Sonam Kapoor, the 'reading' actress, on her literary favourites and the lessons they teach her
On the Monday evening we visit her at her Juhu residence, Sonam Kapoor is planning her Halloween costume. She has been on the phone with actress and friend Jacqueline Fernandes. “We were wondering what to wear,” she says. “I am going to go as Wednesday Adams, and take inspiration from when Christina Ricci played her, but also weave in elements from the original comic version. I’m going to do black lips!”
Pic/Stephanie Pfaender. Styling/Deep Kailey
Dressed in a kaftan, she looks as if she has been sleeping in. Spritzing herself with the Burberry perfume a house help brings her, she admits, “I have been like this all day today. It’s my only day off!”
She is taller than she looks in photos, and appears younger than her 30 years. We are sitting in the living room on the 3rd floor of the Kapoor home, talking books, and love, ahead of the release of her next movie, Sooraj Barjatya’s Salman Khan-starrer, Prem Ratan Dhan Payo.
Some of the books Sonam has been reading
She reads fiction, primarily, but is giving non-fiction a chance, she says, flipping through what she is a 4,000 books collection on iBooks and Kindle. That’s not counting the hard copies lying around the house. “I am trying to read Robin Sharma’s The Mastery Manual,” she says, putting the Kindle aside, trotting off to the bedroom, from where she brings Daughter by Jane Shemilt. “A mother finds out things about her daughter after she disappears, and realises things are not what she thought. So it’s a thriller, but also about a mother’s journey.”
Kapoor never reads two books at once. “I’m a really fast reader,” she says, “And I usually read on flights, at home before going to sleep, on vacations… everywhere. That’s why you will find my books spotted. I also never leave a book half-way. I force myself to finish each one. It’s like the movies, right? We put in so much hard work, much like writers do.”
Her love for books dates back to the time her mother, Sunita, read out to her at bedtime. “I’d cry if she didn’t complete the story,” she laughs. “My first books were all Enid Blytons — the Famous Five, Secret Seven Mallory Towers variety.” But that was before she got into the Bronte sisters — Charlotte, Emily and Anne — and Jane Austen; those who taught her a bit about that that emotion called love. “I love the classic love story — you will laugh, but my favourite romantic couple is Heathcliff and Catherine from Wuthering Heights, and that’s a so-not-happy love story! Rebecca is lovely too, and I would want to make a movie of it. Jane Eyre is my favourite comfort read of all times! Aren’t dysfunctional love stories the best ones?”
She has been thinking recently about what books and movies have taught her about love. She looks us in the eye and says, of course, she has had boyfriends, but right now, she is very, very single. “Take Holly Golightly and her neighbour, Paul, who end up together in Breakfast At Tiffany’s. Love is love. She wanted a certain kind of man — someone rich — but she ended up falling in love with someone exactly like her. The best thing about romance is you can never predict who you fall in love with.”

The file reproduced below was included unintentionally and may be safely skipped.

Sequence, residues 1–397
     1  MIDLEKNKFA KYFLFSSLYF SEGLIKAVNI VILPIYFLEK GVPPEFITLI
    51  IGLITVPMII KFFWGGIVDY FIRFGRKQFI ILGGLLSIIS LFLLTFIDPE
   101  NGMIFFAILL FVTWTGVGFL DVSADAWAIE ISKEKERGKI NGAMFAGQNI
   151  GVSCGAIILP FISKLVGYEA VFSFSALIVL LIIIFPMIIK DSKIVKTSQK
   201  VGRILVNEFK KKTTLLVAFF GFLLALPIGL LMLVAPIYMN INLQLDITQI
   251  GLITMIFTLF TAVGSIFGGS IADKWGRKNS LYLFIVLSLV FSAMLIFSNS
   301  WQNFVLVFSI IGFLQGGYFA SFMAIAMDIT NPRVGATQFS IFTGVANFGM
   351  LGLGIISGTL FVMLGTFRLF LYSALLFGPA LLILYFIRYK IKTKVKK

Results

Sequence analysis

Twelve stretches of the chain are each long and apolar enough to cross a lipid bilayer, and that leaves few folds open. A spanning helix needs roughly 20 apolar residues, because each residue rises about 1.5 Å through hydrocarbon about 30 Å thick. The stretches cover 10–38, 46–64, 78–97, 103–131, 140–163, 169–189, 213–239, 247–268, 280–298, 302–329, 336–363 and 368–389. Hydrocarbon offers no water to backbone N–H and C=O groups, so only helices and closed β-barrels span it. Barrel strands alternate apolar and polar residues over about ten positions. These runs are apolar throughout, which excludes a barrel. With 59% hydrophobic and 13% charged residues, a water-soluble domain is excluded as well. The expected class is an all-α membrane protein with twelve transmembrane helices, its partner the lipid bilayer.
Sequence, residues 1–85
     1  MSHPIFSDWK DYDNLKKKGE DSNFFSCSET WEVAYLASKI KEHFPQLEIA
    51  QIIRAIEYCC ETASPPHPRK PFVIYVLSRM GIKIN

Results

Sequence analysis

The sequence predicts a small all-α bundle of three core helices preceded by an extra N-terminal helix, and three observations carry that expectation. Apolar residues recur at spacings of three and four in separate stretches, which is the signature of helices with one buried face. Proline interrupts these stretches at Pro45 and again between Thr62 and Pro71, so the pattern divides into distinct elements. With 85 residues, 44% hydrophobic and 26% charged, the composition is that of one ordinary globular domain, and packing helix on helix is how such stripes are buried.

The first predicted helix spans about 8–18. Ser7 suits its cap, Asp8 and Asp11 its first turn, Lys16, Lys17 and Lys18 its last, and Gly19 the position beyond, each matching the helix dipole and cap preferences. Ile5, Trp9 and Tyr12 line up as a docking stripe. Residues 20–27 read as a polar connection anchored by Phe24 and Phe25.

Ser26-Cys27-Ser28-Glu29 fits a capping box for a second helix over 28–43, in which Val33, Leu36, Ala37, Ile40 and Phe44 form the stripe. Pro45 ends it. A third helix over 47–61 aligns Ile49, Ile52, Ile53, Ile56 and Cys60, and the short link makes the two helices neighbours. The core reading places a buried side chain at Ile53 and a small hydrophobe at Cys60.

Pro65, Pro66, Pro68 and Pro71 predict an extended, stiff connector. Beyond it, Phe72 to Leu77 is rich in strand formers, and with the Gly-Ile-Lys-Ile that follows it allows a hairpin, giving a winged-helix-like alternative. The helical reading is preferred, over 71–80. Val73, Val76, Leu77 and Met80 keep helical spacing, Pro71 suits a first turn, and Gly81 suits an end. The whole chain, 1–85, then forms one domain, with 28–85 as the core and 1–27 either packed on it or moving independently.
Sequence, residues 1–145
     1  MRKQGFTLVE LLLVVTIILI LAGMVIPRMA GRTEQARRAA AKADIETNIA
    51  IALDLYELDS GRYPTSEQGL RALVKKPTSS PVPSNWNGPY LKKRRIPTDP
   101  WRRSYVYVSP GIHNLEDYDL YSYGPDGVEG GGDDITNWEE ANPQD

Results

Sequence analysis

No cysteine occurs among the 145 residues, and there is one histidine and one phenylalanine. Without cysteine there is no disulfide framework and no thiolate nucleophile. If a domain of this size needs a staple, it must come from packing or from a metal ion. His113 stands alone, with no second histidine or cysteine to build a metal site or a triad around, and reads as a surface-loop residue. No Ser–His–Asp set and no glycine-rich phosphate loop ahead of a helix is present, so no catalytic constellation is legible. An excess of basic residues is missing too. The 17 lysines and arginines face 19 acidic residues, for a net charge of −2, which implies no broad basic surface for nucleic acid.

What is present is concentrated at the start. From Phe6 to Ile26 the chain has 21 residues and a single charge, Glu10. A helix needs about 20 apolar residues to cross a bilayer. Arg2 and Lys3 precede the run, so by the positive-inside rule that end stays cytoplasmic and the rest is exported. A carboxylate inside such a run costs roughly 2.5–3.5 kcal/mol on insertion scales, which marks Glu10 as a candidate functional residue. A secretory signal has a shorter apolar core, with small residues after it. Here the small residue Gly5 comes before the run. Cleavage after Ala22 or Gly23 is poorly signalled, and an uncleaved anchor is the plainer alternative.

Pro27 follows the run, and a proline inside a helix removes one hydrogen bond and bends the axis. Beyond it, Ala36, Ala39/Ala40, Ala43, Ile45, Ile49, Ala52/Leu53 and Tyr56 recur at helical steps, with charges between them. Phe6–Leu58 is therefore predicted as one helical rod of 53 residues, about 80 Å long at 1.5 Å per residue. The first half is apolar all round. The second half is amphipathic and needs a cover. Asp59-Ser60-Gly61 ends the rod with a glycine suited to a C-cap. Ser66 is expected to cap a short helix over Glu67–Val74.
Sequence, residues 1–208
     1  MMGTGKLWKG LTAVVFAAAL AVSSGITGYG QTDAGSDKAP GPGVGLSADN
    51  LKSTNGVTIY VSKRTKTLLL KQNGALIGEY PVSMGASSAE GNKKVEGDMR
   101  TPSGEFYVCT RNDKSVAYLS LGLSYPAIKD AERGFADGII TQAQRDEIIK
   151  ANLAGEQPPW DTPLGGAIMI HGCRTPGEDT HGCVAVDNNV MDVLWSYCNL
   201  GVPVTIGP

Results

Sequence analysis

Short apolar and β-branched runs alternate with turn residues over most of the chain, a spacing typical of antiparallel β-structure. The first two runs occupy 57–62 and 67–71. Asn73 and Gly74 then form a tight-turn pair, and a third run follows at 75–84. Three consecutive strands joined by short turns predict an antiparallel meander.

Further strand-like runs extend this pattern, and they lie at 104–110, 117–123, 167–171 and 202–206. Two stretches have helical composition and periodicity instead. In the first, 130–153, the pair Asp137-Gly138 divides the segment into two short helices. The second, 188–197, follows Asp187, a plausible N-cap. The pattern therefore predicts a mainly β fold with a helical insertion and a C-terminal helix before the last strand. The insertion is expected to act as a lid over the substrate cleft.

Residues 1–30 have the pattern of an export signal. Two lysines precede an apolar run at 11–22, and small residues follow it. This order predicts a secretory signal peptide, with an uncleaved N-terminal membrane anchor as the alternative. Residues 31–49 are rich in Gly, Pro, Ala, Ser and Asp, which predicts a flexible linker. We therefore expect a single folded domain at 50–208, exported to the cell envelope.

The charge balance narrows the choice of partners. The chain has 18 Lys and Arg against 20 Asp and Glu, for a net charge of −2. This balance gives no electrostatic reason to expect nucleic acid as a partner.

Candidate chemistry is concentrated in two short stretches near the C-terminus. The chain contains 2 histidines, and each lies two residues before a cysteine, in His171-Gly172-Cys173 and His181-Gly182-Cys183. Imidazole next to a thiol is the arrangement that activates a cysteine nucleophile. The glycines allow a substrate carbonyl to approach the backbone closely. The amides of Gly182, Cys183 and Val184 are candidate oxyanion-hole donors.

An author she would want to meet - Jhumpa Lahiri. Isn't she pretty? I love her books. But I hear she is reclusive. I am such a fan girl.
Kapoor pauses for a second before she gets serious. “All the fiction in the world, and even the movies, have taught me that you need to fall in love with someone who is an equal, someone you can grow with. They tell you nobody’s perfect,
but there is always someone perfect for you. It’s tough, and it can also be natural and easy. And once you make a commitment, you make it.”
We are talking about Stephanie Meyer’s Twilight now, and we say we thought the heroine, Bella was regressive — lucky to be loved by the vampire hero, Edward. Kapoor jumps to Bella’s defence. “I think people feel that because the book is written from her point of view. She is 16, and he is gorgeous. And completely obsessed with her!”
But she does have a problem with 50 Shades of Grey’s, Anastasia. “It’s just too aggressive for me.”
Does what you read define you? we wonder. First, she says no, then, “Yes, maybe. You know, I am a typical Gemini, so I read everything. I can read science fiction and then courtroom dramas, and later some philosophy. I don’t think it applies to me. I am Sybil!”
We say we liked Flora Rheta Schreiber's book, with a protagonist who suffers from multiple personality disorder. “How good to meet someone who knows a book reference!” she squeals.
We switch tracks and ask why she is a favourite with trollers on Twitter. “I have such a great life. If I have to deal with some of that, I can.” She should tweet more about books, we suggest, and she laughs, “I do! I read the Goldfinch by Donna Tartt last year, and I tweeted that she should win the Pulitzer. And she did. I was like, damn! I predicted the Pulitzer.”
Sisters Sonam and Rhea Kapoor are launching their high street line, Rheson at Shoppers Stop next year.
“It’s going to be a reflection of what we wear every day,” she says, hoping to challenge H&M and Forever 21. “It’s for Indian girls, real girls. It’s going to be trendy but classic, and easy to wear in the heat.”
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